Newsletter Ideas and Content


A good way to make sure all homeowners within your Association are “in the know” is to send out newsletters.  These should be monthly or quarterly – depending on the depth, and are sent out in two ways: mail or e-mail.  There are downsides to each of these choices because using the post office typically makes you think of snail mail, and then messages can get quickly outdated if they are lost in the barrage of e-mails our inboxes and spam filters are flooded with on a daily basis.

There are so many different themes for newsletters, the most fun and common are the four seasons (e.g. Quarter 2 = Spring) and monthly holidays/celebrations (e.g. October = Halloween).  All of these themes can have a fun twist to them, but in order to possess relevance to what your Association is trying to accomplish, it is recommended to keep HOA advice and updates as the focus of the newsletter.  Below are numerous examples of topics for any Association newsletter.
When a festive occasion is approaching, it may be helpful for the homeowners to be reminded of:

  • Rules regarding seasonal decorations and celebration:
    • Flag displays
    • Lawn ornaments
    • Fireworks
  • Safety Concerns:
    • Pool/swimming guidelines
    • BBQ with caution
    • Trick-or-Treating
    • Cooking a turkey
    • Christmas lights
    • Proper distance for and type of fireworks

Is it a particular weather season?  Try talking about one of these helpful topics to help prepare the homeowners as well as their homes:

  • Wildfires
  • Blizzards
  • Tornadoes
  • Droughts
  • Heat waves
  • Floods

Important rules and management information or changes should be noted:

  • Board meeting dates
  • Annual meeting date
  • Proxy reminders
  • Changes to Association bylaws
  • Community website/Social network site
  • Contact information for the Community Manager
  • Office hours
  • Pool hours
  • When assessments are due and where to submit payment
  • Legal matters (if permitted)
  • If mailing address/contact information should change for a homeowners, who they should inform
  • Rental caps

Are homeowners voicing interest in volunteering within the community?  Help them become more involved with these notices:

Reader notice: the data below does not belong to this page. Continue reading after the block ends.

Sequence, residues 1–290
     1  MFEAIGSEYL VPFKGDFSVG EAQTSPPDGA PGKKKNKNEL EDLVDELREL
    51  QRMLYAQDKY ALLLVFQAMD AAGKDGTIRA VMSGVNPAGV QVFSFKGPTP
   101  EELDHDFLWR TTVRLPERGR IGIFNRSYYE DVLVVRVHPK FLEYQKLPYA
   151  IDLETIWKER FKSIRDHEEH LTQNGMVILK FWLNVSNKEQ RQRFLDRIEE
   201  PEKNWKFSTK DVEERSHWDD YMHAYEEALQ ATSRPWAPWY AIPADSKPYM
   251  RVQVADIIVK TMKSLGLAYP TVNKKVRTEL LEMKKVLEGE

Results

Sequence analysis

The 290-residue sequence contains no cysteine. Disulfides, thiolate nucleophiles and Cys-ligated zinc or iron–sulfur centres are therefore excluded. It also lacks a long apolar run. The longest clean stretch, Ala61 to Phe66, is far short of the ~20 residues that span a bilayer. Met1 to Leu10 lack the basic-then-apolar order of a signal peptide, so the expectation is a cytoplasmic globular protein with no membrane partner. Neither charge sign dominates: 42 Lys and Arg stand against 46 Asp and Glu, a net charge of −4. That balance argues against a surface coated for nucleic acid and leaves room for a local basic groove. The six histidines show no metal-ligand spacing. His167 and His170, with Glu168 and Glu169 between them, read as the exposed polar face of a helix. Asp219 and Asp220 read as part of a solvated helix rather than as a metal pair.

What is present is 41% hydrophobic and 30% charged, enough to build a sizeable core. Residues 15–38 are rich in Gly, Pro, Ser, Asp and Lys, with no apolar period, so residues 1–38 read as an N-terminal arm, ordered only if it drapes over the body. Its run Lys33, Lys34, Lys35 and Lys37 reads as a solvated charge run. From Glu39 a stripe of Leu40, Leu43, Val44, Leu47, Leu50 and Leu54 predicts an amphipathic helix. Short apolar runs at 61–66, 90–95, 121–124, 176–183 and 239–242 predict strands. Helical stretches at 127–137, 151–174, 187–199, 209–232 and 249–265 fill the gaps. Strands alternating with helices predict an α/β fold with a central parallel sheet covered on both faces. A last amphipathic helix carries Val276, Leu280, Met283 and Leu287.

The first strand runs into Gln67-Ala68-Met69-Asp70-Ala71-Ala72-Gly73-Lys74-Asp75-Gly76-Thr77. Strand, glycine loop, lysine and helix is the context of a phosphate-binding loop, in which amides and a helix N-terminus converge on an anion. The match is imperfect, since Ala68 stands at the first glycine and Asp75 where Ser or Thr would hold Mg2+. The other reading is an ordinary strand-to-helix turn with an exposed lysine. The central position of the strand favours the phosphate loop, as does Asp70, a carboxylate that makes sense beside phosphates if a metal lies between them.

• Board of Directors positions available
  • Committee positions available
  • Social gatherings that may require extra helpers
  • Community watch program and schedule

Covenants, Conditions, & Restrictions (CC&R) reminders:

  • Removing trash cans from street view
  • Noise ordinances/compliance
  • Acceptable sprinkler/irrigation hours
  • Deck/patio maintenance and clutter
  • Discarding of debris
  • Leash laws/pet waste clean-up and location of stations
  • Political signage
  • If a businesses is able to operate from within the home (e.g. daycare centers)
  • Renting a unit
  • Vehicles
    • Acceptable parking zones
    • Acceptable vehicles within the Association boundaries
    • Abandoned vehicles
    • Vehicle upkeep – oil drips/expired tags

Connect homeowners with homeowners:

  • Birth, marriage, anniversary announcements
  • Stories of homeowners who have been there longest
  • Letters from the President, or any other “talkative” Board member
  • Social gathering reminders
  • Police reports within the community – prowlers, break-ins, theft, assaults

Get homeowners thinking:

  • How to prevent mold/mildew
  • “How To” fixes for inside and outside the home
  • Where to find meeting minutes
  • Pest/Insect control
  • Pet safety
  • Lawn care advice

All of these topics will get your community talking, but it’s important to keep everything relevant and interesting within the newsletters. As an extra tip, encourage all the homeowners to read what is being written for them by providing incentives such as a quarterly prize drawing or fun trivia questions.  Regardless, everyone who reads the newsletters will feel educated and up-to-date on the Association happenings, which is the core purpose.

This article is provided by The Management Trust.